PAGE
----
Signifying their subversive intent with a lower-case title, quartet-lab aim to revolutionise the quartet repertoire. They are led by the charismatic Pekka Kuusisto, whose credentials as a jazz and folk violinist are as impressive as those for his classical work. Maverick Dutch cellist Pieter Wispelwey has long pioneered unusual arrangements, and with Kuusisto’s Finnish compatriot Lilli Maijala as violist, and with the Moldovan violinist Patricia Kopatchinskaja - who inherited a wider musical perspective from her cimbalom-playing father – these are all seasoned innovators.
Their Wigmore debut was non-standard from the start, as Kuusisto - backed by Wispelwey looking quizzical, Kopatchinskaja intense in a green ball-dress, and Maijala got up like a peasant from a Diaghilev ballet - announced that they’d intersperse the main works of the programme with others they’d just decided on. But first they played Mozart’s ever-popular “Divertimento in D K136”, written when he was sixteen, and still in debate as to whether he intended it for a quartet or a small orchestra. The way quartet-lab attacked it made it sound like an orchestra anyway, so full-blooded was their sound; intermittent rough edges were a small trade-off for the general gutsy swing.
Then Kuusisto and Kopatchinskaja delivered three of Bartok’s “Duos for 2 violins” – the first sounding like interlaced female voices, the second like bagpipes, and the third in crazy pizzicato – after which viola and cello joined them for a hushed arrangement of Byrd’s “Sanctus”, for which they bleached their tone to imitate viols.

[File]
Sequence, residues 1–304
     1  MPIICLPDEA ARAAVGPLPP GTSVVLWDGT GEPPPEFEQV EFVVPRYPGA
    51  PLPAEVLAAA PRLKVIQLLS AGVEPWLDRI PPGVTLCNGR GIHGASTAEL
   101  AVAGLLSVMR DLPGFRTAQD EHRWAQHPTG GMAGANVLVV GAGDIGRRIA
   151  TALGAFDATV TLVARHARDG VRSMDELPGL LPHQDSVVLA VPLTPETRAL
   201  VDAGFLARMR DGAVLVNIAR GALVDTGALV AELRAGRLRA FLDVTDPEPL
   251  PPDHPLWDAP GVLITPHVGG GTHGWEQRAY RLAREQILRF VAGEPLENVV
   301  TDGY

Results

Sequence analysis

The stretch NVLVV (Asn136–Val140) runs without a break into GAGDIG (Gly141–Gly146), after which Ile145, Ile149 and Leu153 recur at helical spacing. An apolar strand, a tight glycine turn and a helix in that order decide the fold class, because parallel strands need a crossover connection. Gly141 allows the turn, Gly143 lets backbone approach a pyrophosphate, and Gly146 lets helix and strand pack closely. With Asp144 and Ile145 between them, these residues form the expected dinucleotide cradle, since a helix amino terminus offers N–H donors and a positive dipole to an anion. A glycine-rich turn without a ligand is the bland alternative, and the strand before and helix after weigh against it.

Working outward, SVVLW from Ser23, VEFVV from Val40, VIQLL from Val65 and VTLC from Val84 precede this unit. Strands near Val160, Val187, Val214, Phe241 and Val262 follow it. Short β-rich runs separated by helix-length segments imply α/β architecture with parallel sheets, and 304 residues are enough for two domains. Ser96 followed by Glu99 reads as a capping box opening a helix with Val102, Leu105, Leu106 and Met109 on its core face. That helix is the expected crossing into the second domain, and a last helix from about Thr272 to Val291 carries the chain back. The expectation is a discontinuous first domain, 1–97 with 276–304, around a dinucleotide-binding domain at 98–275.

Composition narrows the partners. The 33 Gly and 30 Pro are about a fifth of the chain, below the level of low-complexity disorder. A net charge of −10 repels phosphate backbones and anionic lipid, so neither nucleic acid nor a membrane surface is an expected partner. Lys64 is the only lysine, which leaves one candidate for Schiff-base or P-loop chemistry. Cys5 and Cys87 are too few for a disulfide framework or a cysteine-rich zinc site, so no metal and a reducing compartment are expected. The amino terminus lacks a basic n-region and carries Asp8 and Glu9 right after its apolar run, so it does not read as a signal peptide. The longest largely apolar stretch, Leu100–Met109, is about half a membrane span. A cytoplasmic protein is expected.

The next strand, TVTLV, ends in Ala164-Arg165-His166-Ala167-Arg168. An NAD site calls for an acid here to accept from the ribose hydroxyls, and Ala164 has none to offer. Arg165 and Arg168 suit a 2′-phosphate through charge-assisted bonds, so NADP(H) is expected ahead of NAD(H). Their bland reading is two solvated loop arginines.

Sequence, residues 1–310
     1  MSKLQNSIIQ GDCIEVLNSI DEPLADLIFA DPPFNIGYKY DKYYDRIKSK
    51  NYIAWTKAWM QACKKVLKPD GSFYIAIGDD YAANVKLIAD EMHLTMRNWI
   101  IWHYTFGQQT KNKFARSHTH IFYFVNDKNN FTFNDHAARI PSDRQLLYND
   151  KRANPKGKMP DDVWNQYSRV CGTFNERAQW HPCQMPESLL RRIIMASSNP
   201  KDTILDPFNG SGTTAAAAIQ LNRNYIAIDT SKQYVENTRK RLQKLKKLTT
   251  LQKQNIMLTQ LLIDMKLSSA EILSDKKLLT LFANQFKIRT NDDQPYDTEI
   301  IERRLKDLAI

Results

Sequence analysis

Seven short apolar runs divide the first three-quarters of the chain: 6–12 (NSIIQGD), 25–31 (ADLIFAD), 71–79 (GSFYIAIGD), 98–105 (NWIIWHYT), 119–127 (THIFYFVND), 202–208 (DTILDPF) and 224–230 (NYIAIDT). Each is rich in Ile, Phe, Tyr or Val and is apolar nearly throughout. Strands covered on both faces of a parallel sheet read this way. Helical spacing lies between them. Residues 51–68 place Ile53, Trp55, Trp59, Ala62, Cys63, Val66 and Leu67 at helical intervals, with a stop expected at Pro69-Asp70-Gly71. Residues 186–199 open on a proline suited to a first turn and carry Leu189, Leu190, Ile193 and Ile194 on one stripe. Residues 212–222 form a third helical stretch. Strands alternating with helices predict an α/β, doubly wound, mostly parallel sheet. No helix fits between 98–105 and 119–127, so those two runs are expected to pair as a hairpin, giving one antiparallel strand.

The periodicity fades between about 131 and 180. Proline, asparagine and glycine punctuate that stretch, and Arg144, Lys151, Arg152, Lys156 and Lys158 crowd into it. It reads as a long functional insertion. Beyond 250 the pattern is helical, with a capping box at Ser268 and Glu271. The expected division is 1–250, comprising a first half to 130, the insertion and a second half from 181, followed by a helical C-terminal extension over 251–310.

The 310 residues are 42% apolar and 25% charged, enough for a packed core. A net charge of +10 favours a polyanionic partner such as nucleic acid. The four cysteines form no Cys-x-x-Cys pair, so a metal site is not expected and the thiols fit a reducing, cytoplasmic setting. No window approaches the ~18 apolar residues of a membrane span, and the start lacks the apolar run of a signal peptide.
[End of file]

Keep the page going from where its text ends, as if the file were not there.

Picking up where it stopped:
Seguing straight from that into Beethoven’s terse and mysterious “Serioso” quartet was a coup de theatre, and for the first movement their sound had all the muddy savagery which could be desired. If they short-changed us on the beauty of the majestic Allegretto melody, they made up for it with a ferocious finale, complete with clouds of flying bow-hair.
The second half was just as riveting, starting with two more Bartok duos (this time with viola and violin, creating a new texture) followed by the lament from Britten’s “Cello Suite”, before seguing – as though it was the most natural thing in the world – into a performance of that composer’s “String Quartet No 2”, where their combined virtuosity took the breath away.
For an encore they hoicked a young violist out of the audience to play the monotone solo part in Purcell’s slitheringly plangent “Fantasia upon one note”, as Britten himself had once done. An evening and a half.
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